The NYPD’s Deputy Commissioner’s approach
Janice Sutton:This article was written by the late Mark Boada and appeared in Fleet Management Weekly in August, 2020, but it is as timely today as it was last year.
Mark Boada -- 2020
In this time of looming cuts in government budgets, prompted by the COVID-19 recession, public sector fleet managers may be wondering how to keep their technicians, administrators and managers motivated without meaningful pay increases and opportunities for overtime.
Nine years ago, Robert Martinez, then a manager within the New York Police Department’s fleet, presented a paper on that subject to fellow students at the Harvard Kennedy School of Government’s program for senior executives in state and local government."
Today, Martinez, who holds a bachelor’s degree in electrical and mechanical engineering from the City University of New York and a master’s degree in executive management from New York University, is the NYPD’s deputy commissioner for support services, which includes responsibility for the department’s entire 10,000-vehicle fleet and more. In these edited excerpts from his 2011 paper, Martinez presents the management principles he continues to stand by and to which he credits much of the success of his 900-member organization.
Research shows that aggressive drivers tend to be involved in more traffic collisions.
And, above a certain minimum level of on-road competence, research shows that it’s a driver’s attitudes that make them much more likely to crash.
This webinar, timed to coincide with the speed-themed UN Global Road Safety Week (May 17-23), and presented in conjunction with the Global Road Safety Partnership, will examine the effects of speeding, one of the most dangerous on-road behaviors. It will look at the relationship between minor increases in speed and collision impact and outcome, and explain why speeding doesn’t always mean breaking the speed limit or driving to the extremes. Additionally, it will consider other high-risk behaviors, in particular, the “Triple Threat” of Speeding, Distraction and Fatigue.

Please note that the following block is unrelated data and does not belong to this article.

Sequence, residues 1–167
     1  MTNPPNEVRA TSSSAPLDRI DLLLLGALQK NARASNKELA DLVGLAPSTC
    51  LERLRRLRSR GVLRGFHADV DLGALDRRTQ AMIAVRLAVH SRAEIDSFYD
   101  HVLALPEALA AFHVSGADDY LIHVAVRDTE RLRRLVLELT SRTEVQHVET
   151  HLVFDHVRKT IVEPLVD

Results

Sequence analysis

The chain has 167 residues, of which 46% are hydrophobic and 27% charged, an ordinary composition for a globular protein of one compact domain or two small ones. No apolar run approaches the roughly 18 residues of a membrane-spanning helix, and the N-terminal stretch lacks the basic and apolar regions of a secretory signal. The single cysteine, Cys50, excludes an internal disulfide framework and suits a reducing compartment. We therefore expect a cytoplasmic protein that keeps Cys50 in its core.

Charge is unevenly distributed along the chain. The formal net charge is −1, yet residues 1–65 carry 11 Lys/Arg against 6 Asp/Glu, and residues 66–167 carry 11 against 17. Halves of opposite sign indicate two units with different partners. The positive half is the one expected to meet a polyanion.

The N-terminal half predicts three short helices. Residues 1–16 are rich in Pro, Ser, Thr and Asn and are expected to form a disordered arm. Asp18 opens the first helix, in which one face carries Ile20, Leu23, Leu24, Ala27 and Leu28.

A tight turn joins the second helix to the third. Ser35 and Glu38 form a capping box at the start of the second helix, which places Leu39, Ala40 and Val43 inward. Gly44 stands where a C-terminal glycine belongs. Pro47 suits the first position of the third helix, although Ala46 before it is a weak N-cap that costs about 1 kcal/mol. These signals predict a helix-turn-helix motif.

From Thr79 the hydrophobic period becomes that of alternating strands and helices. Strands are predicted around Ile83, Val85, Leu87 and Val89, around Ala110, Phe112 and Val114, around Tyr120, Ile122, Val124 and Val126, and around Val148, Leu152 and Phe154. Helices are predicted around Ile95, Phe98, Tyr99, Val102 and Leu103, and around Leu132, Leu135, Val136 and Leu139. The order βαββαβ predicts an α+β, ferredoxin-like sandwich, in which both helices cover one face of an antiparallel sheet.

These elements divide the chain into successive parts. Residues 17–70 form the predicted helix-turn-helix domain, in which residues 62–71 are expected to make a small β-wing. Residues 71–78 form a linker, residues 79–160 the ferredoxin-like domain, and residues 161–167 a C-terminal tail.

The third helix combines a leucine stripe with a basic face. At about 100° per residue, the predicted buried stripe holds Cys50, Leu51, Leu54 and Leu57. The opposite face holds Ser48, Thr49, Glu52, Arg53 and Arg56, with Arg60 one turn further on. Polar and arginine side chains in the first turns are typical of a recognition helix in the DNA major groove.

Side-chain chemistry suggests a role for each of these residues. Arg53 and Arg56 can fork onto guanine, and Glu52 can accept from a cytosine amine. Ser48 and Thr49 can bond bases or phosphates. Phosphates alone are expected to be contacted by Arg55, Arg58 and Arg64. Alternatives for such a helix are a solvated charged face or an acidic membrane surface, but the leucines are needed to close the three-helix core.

U.S. Customs and Border Protection purchased technology that vacuums up reams of personal information stored inside cars illustrating the serious risks in connecting your vehicle and your smartphone.
The push to make our cars extensions of our phones makes them tremendously enticing targets for generously funded police agencies with insatiable appetites for surveillance data. A “vehicle forensics kit”, manufactured by American company Berla, can reveal where you’ve driven, what doors you opened, and who your friends are.
Civil liberties watchdogs said the CBP contract raises concerns that these sorts of extraction tools will be used more broadly to circumvent constitutional protections against unreasonable searches. “The scale at which CBP can leverage a contract like this one is staggering,” said Mohammad Tajsar, an attorney with the American Civil Liberties Union of Southern California.
Read the article at The Intercept.
In a third annual survey of driver's habits, CarInsurance.com finds the excuses that are most successful when stopped for exceeding the speed limit and explains why and by how much drivers speed.
Offering an excuse when pulled over for speeding can work. Nearly 50% of survey respondents say they avoided a ticket by giving an excuse, which is about double the success rate reported in last year's survey. The complete research is available: 2021 caught speeding survey: successful excuses.
Top excuses in this year's survey results include:
I didn't know I was speeding -- 26%
Medical emergency -- 25%
Everyone else was going the same speed -- 22%
Late for work -- 21%
I had to use the bathroom -- 20%
Read the article at PR Newswire.
Through all the turbulence of the past year, a source of enormous hope for the health of the planet has emerged: the automotive industry is shifting toward electric vehicles (EVs) even faster than we envisioned only a year ago.
Steering the fight against climate change on course will require most markets to speed up the EV transition even further. For the EU to achieve its Green Deal targets, for example, it would need to reduce light-vehicle emissions by 90% by 2043—seven years sooner than currently forecasted—to compensate for its car parc emissions.
Strong signals from governments have further encouraged General Motors, Volvo, Jaguar, and many other leading OEMs to push more forcefully into electrification, with a growing number pledging to phase out ICE powertrains altogether. Growing investment into supply chains, charging infrastructure, and upgraded electrical grids will also help make these goals achievable.
Read the article at BCG.